Brands delay, rework Pride campaigns in light of George Floyd protests
For the duration of Pride Month, hard seltzer brand Truly had initially planned a digital “Truly Proud” campaign in partnership with LGBTQ+ nonprofit GLAAD that would share 16 stories of LGBTQ+ individuals talking about employment discrimination. Meanwhile, a digital billboard in Times Square would highlight people celebrating Pride safely at home. Now, the campaign has been paused and the billboard overhauled to read a simple, unbranded message: Black Lives Matter.
The horrifying death of George Floyd at the hands of police officers has thrown the world through another loop in an already traumatic year. U.S. citizens continue to rally in nationwide protests against the racial injustice of Floyd’s death and the wider systemic injustice in our society.
Brands, which often stay silent on social justice issues, are speaking out against racism, pledging money to groups that support the black community and promising change in representation at the corporate level. Brands like Lego have also hit pause on advertising, careful not to seem insensitive at this time.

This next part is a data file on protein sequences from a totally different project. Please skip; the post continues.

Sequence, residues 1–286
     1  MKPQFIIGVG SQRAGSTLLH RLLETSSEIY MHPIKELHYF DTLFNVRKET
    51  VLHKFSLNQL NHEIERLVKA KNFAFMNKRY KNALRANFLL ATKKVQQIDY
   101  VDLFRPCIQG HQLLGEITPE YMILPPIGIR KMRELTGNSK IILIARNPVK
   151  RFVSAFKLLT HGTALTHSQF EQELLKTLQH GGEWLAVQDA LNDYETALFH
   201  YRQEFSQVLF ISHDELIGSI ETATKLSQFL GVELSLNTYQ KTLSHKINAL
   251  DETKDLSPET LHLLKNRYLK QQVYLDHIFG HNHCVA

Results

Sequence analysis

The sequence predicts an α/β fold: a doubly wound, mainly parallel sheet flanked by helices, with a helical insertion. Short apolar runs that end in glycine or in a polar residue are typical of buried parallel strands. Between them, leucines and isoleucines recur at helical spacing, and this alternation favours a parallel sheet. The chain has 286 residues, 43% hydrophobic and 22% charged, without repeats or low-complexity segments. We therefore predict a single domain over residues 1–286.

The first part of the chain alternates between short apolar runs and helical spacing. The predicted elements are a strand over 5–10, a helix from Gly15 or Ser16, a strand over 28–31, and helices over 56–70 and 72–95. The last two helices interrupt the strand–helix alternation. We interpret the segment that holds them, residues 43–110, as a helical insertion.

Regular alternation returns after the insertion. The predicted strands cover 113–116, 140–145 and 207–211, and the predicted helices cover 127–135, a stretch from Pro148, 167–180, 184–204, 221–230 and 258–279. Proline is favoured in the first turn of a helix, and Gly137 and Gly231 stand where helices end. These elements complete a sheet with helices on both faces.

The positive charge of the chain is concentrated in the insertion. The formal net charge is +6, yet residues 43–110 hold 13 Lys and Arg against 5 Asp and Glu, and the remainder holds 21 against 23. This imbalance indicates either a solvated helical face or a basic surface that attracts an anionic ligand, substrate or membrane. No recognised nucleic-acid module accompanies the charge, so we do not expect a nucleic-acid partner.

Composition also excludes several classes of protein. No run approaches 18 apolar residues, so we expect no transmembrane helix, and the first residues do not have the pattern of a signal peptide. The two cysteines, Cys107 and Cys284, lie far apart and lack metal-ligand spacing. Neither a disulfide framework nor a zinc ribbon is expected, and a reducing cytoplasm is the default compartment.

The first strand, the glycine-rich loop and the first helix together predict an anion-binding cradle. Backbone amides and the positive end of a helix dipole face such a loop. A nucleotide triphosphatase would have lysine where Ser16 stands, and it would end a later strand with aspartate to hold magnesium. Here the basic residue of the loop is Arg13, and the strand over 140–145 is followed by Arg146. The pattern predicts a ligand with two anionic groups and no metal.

Increasingly, brands reserve June (designated as Pride Month) for Pride campaigns. But right now is no time for celebration, and brands are either postponing efforts altogether or reworking content to better reflect the black LGBTQ+ community.
“We are fully committed to Pride and celebrating the LGBTQ+ community this year, but we know there are other voices that need to be heard right now,” says Lesya Lysyj, chief marketing officer at Truly’s parent company, The Boston Beer Company. Lysyj says the brand will resume its “Truly Proud” campaign when it “feels appropriate.”
Jack Daniel’s had planned to launch a video series for Pride Month on June 6 presented by Jack Daniel’s Tennessee Fire and in partnership with GLAAD and 16 other LGBTQ+ nonprofits, but is postponing the series until June 20, due to its celebratory tone. The series features drag queens participating in the popular online food trend “mukbang,” or meokbang, where people talk about what they’re eating as they’re eating. The videos feature drag queen influencer Patrick Starrr who has 4.5 million YouTube subscribers, The Try Guys’ Eugene Lee Yang and “RuPaul Drag Race” alums.
L.A. Pride has changed its approach. When the pandemic hit, the organization canceled its annual in-person Pride parade. This week, it announced its intention to lead a peaceful protest in solidarity with the black community in its place.
Many brands have already had to adapt their Pride plans due to COVID-19. At the onset of the coronavirus pandemic, several brands that opted to continue their Pride campaigns, revamped them with online offerings as lockdowns continued to keep people indoors and Pride parades went virtual.